Civitas Review

Time to Move on State Pension Reform

By | Posted in Budget & Taxes |

The N&O offers up this editorial highlighting the findings of their recent series examining some eye-popping compensation packages of state government workers. Among the issues examined in the series was the practice of "spiking" – employees gaming their compensation packages to maximize their pension payouts in retirement.

Last week The News & Observer revealed this bloated upper edge of public pay in the series  “Checks Without Balances: Big pay in tough times.” The three-day series was based on the analysis of data for more than 435,000 employees from 1,216 state and local agencies.

While the agencies are public, they often are obscure. In some of those agencies, insular arrangements have allowed pay to balloon and the state pension system to be abused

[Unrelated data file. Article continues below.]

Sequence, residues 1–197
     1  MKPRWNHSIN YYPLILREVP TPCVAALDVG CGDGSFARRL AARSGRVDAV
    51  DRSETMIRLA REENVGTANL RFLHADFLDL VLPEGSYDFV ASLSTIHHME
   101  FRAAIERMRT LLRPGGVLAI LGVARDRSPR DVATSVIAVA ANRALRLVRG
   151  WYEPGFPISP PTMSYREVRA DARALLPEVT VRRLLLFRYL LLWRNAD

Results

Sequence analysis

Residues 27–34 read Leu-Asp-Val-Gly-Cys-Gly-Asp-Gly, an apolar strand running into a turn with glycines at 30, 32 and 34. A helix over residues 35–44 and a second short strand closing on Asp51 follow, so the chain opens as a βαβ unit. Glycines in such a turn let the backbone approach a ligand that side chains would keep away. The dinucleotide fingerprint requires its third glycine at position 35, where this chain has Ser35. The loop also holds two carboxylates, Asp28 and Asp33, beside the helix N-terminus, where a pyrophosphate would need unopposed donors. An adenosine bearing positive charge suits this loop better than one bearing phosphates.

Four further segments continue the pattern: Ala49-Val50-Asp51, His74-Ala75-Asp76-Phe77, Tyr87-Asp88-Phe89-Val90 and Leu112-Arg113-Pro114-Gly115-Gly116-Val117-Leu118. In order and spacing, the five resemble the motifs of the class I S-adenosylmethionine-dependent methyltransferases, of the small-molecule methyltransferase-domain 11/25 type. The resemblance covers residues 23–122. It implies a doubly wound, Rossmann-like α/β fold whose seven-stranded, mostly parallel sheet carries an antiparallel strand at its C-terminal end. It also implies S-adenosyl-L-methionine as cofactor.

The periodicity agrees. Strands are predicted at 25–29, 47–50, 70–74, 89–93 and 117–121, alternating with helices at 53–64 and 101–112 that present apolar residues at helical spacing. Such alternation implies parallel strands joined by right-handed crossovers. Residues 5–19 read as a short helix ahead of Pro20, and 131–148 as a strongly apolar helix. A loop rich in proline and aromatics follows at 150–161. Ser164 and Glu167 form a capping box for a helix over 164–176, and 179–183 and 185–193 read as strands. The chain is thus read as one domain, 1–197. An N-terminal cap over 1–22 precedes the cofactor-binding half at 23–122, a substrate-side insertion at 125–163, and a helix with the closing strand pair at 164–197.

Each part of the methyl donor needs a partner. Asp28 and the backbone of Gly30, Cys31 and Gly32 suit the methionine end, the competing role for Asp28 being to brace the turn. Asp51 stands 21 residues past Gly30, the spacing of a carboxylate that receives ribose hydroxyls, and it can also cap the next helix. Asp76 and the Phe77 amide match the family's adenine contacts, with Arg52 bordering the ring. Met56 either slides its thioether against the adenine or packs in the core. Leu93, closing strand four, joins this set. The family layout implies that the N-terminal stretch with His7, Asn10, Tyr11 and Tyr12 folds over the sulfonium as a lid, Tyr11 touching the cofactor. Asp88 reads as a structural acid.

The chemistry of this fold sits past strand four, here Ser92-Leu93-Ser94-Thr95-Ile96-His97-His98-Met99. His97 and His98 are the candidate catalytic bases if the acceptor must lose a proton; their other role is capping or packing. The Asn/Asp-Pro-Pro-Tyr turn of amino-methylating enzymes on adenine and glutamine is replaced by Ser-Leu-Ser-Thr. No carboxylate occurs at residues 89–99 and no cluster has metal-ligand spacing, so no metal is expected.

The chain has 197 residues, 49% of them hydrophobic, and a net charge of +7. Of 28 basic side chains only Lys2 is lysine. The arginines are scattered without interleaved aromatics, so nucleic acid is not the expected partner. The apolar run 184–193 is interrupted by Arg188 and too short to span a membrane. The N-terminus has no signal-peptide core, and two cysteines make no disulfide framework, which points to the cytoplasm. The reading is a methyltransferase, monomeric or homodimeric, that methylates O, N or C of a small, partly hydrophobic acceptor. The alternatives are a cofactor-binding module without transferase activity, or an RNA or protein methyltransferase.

Worse yet, some boards have allowed perks such as car allowances and housing allowances to be converted to salary for purposes of pension calculations.

The several community college presidents who were allowed the conversion never paid into the pension fund based on the perks’ value. Letting the value of the perks become salary in their final years of service means others in the system must subsidize their inflated pension payments.

State Treasurer Janet Cowell, who oversees the state pension fund, said the perk-to-salary conversions are legal, but suspect. She has unsuccessfully sought legislation to curb the practice. Her opposition is appropriate, but she should have been making more noise about the conversion practice.

Growing concern from Cowell and state legislators is a good first step, But merely trimming around the edges is not enough. Last year I examined NC's ailing state pension system and determined that real pension reform calls for a transformation from the current defined benefit system to a defined contribution system. Under a defined contribution system (like 401k programs most in the private sector are familiar with), the employee owns and controls their own retirement funds, and the taxpayers are no longer at risk to cover massive unfunded liabilities.

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